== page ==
San Fran horror raised amid fears for kids' home hopes

San Francisco has been held up as the housing horror story Sydney cannot repeat, amid predictions less than half of children born today will ever own a home.

The widening gulf between house prices and incomes now meant prospective home buyers had to save almost 3.5 times the median income for a 20 per cent deposit and a foot in the door, business and state leaders were told on Monday.

That measure is up from 1.5 times the median income in the early 1990s.

Those pressures meant that without substantial changes less than half of children born today would likely buy a home at some point in their lives.

"The older you are, the earlier you bought, the better you have it," Scyne Advisory partner Janice Lee told the Sydney Summit.

"And that is not a legacy we want to continue."

Young children at a gate
Half of all children will be locked out of home ownership without change. (Mick Tsikas/AAP PHOTOS)

It was also challenging Australia's egalitarian ethos, with wealth increasingly being concentrated among a smaller group of mainly older people, NSW Treasurer Daniel Mookhey said.

He pointed to the US city of San Francisco, where he said the consequence of a tech boom and stagnant housing policies left some in the middle class lining up at soup kitchens.

"We still have an opportunity to act," he told reporters.

"We have to make sure that kids starting school this week will be able to own a home if they work hard."

Promisingly for those focused on the national housing crisis, anti-development NIMBYs appear to be declining.

A survey of 1035 Sydneysiders shows 44 per cent support more dense development in their suburb, up five percentage points in a year.

A majority of renters, postgraduates and Indigenous people back more density in their home patches, but support among retirees is lower at 34 per cent.

Redeveloping existing Sydney suburbs to accommodate increased density has more backers than objectors and fence-sitters, jumping eight points to 52 per cent in a year.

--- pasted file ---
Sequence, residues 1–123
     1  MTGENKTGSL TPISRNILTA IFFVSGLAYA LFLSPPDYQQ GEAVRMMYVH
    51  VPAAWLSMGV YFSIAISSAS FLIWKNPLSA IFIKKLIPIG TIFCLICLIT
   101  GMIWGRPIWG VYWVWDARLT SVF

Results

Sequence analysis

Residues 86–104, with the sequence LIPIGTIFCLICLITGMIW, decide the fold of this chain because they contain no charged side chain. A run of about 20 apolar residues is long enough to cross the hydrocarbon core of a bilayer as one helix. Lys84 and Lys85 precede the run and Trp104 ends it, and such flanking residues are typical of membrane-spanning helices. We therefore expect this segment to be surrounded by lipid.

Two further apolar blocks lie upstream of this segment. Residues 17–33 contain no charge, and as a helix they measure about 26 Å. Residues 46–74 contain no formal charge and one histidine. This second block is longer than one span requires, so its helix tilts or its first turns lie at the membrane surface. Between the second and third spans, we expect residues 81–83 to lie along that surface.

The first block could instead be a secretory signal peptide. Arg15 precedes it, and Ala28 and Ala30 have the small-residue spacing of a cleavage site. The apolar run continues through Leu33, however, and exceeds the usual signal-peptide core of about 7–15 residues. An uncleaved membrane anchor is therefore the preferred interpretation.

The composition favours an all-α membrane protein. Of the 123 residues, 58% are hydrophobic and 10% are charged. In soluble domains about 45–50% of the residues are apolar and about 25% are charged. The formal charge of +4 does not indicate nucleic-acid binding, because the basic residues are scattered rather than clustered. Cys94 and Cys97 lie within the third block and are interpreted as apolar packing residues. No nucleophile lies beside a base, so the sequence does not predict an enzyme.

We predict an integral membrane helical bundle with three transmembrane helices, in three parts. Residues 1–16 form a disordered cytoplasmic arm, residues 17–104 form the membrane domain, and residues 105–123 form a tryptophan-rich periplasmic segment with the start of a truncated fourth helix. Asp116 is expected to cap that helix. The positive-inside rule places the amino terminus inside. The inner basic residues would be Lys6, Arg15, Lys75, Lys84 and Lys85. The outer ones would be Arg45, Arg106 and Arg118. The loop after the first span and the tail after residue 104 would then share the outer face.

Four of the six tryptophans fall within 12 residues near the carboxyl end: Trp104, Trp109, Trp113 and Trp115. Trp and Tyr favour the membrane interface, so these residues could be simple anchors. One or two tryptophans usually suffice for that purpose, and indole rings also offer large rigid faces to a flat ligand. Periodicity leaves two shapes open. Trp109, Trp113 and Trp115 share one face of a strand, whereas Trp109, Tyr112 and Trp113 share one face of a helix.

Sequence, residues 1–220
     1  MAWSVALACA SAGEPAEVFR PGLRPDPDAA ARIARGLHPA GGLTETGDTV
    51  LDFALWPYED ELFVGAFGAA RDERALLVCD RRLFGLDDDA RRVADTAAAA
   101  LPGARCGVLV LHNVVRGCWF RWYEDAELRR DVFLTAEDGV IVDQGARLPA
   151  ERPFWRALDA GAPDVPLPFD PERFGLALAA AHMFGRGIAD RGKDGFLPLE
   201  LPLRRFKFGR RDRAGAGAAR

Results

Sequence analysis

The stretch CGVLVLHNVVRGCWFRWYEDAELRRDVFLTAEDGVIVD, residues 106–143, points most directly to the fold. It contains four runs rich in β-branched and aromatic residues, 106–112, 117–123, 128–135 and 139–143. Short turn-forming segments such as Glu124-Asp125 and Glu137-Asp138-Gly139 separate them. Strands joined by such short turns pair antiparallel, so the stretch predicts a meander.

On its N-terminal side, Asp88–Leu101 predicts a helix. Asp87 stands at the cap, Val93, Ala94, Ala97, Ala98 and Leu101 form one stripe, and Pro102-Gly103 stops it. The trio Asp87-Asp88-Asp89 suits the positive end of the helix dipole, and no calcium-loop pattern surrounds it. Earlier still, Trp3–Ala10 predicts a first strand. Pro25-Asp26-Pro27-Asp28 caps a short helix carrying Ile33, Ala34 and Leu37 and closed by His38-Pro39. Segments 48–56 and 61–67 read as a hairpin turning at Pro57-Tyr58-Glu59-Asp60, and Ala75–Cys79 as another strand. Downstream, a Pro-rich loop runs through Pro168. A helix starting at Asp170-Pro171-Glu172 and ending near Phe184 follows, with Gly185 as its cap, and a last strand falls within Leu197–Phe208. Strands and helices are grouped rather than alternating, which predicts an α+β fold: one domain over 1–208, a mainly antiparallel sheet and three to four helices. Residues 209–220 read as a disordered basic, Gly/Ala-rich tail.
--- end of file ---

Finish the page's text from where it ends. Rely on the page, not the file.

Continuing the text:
A six-storey apartment building
Almost half of Sydneysiders appear supportive of higher density in their suburb. (Bianca De Marchi/AAP PHOTOS)

NSW planning department secretary Kiersten Fishburn also pressed the need for young people to be involved in councils, where most planning decisions were made.

Two-fifths of councillors in the state were older than 60, while there were almost 10 times as many local representatives in that cohort than those under 30.

"You have a really disproportionate number of decisions being made at a local level that don't have the representative voice of young people there," Ms Fishburn said.

Committee of Sydney chief executive Eamon Waterford said the "exquisitely expensive" city was losing $10 billion a year in productivity and talent and was becoming a less fair place to live.

"If we can't keep young people here and migrants don't feel welcome here, our economy will grind to a juddering stop," he said.

The changing attitudes towards density and development come as the state government puts its shoulder to the wheel to accelerate home building.

But those reforms, including a focus on public transport hubs and anti-apartment councils, will take years to have an effect.

Annual completions are sitting at a paltry 48,000 homes, well short of the 75,000 annual average the state is targeting over the next five years.